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The Archive

Sohyun Lee


Designed by Matt Willey
Cover photos by Steven Voss and Marcus Yam


Designed by Na Kim

How To: Shoot Landscapes in Unattractive Light, Sharpen Your Macro Skills ... and More

It's time to get outside! In today's roundup of photo tutorials from around the internet, we strap on a backpack and get ready to shoot some landscapes. There's a lesson on how make the most out of overcast skies when shooting landscapes, and another on shooting landscapes in flat light. We've also got a brush-up tutorial on the best camera settings for landscape photography, tips for improving your landscape photos, and some advice on common landscape mistakes. Not into wide-open spaces? There are also tutorials on macro photography, wedding photography, and portrait lighting.

Spotlight: A NYC Time Lapse, Droning the Alps, and the Aurora Australis

Today's spotlight of remarkable motion art is a world tour. We start in New York City, with time-lapse video from photographer Michael Shainblum. "I vividly remember my first experience of New York City as a kid, before I became a photographer," Shainblum notes "The sheer sense of scale, the incredible architecture and just the overall feeling I got walking around the city. That experience became one of the reasons I got into photography." From there we take a pre-dawn drone ride through the Alps, courtesy of Austrian production company 5kdig. We end with photographer Martin Heck's glimpse of the Aurora Australis over the South Pole.

The DART Board: 05.16.2019

As a young photographer juggling artistic work with commercial assignments, John Goodman always had color slide film loaded in a camera. Beginning in the 1970s and through the late 1980s, he photographed on the streets of Boston, finding fleeting moments of connection at diners, shops and gas stations. He printed a few images, but packed most of his slides in a cabinet and only discovered them twenty-five years later, in 2009, when moving studios. Goodman, who would become known for his gritty...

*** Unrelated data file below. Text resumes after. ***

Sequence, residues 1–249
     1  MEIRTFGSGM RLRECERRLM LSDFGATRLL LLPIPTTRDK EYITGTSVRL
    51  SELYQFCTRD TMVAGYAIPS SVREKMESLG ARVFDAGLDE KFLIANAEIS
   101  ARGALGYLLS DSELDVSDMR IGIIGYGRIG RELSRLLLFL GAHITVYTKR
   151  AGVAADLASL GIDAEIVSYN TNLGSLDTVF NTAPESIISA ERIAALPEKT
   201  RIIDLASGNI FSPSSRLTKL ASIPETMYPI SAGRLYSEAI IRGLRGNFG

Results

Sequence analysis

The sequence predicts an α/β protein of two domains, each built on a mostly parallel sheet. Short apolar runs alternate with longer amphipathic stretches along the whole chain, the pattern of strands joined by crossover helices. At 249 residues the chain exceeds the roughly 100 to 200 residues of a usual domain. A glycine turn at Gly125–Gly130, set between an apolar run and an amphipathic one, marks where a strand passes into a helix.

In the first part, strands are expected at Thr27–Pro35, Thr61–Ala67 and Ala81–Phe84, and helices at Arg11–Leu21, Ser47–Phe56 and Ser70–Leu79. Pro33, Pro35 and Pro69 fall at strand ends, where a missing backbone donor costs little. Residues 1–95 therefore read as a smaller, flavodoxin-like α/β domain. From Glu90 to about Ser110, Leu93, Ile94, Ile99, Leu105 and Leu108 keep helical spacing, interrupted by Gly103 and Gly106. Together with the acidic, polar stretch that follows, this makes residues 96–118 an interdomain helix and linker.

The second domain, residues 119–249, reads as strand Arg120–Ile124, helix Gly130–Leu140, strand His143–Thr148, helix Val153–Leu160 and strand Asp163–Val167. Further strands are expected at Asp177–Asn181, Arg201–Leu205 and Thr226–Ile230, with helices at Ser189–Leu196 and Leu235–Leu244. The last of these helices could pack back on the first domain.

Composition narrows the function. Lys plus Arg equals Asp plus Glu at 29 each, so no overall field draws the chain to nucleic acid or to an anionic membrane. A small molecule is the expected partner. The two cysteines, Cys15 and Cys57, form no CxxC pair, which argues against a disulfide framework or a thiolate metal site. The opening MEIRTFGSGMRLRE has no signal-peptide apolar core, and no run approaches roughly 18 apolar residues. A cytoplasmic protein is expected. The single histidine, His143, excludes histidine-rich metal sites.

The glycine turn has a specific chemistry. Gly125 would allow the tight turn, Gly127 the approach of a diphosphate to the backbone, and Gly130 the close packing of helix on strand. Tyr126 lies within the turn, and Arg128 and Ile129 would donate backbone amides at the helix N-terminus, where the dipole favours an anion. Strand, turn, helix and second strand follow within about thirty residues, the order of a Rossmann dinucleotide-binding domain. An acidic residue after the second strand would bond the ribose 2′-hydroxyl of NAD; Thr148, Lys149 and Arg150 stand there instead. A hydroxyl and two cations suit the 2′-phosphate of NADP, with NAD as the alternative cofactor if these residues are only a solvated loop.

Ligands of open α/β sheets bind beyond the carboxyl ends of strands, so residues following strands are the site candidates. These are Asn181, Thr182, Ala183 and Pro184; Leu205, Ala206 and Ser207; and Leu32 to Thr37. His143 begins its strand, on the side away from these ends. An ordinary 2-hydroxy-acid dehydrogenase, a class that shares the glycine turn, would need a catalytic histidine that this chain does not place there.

Spotlight: Griselda San Martin Looks at the Immigrants of "Puebla York"

Welcome to Puebla York. It's not a place you will find on a map. Nonetheless, documentary photographer Griselda San Martin has been photographing its boundaries and culture for the past six years. "Well over 50 percent of Mexican migrants in New York come from the state of Puebla, in Central Mexico," notes San Martin, whose work often focuses on the issues of immigration, deportation, inequality and human rights abuses. Her project "Puebla York," which looks at Mexican immigrants in New York and their families in Puebla, Mexico, was a winner of the Latin American Fotografia 7 competition.

On View: Gallerist Robin Rice Shows Her Own Work, In Her Beacon, NY, Loft

Robin Rice has taken up spinning. Not the kind you do on bikes, but the kind deejays do. She's got turntable set up at her loft in Beacon, New York, in a converted 19th-century textile mill along Fishkill Creek. A photo of her at her turntable was included recently in Chronogram, a lifestyle magazine focusing on the Hudson Valley, which coincided with an exhibition of Rice's own photography at her eponymous New York gallery -- the first time her gallery had shown the work, which she's been doing since the disco days of the 1970s. This month the images will be on view in her loft as part of Beacon Open Studios, an annual event in which artists open their workspaces to the public.

The SONY a9: What the Pros Have to Say

"Eventually you knew it had to happen. Sooner or later cameras would get so good at what they did that basically your job as a photographer would be to look for interesting things to shoot and then try not to get in the camera's way as it did it's thing capturing them. I mean, imagine if a camera had pretty much flawless exposure capability, flawless focusing and could fire and focus so fast it never missed a frame?" So writes Jeff Wignall in todays Street Test of the Sony a9 full-frame mirrorless camera. Sony Artisans of Imagery Katrin Eisman, Andy Katz, and Pat Murphy-Racey join in with their takes on the 24.2-megapixel camera that has caused an uproar in the photo industry.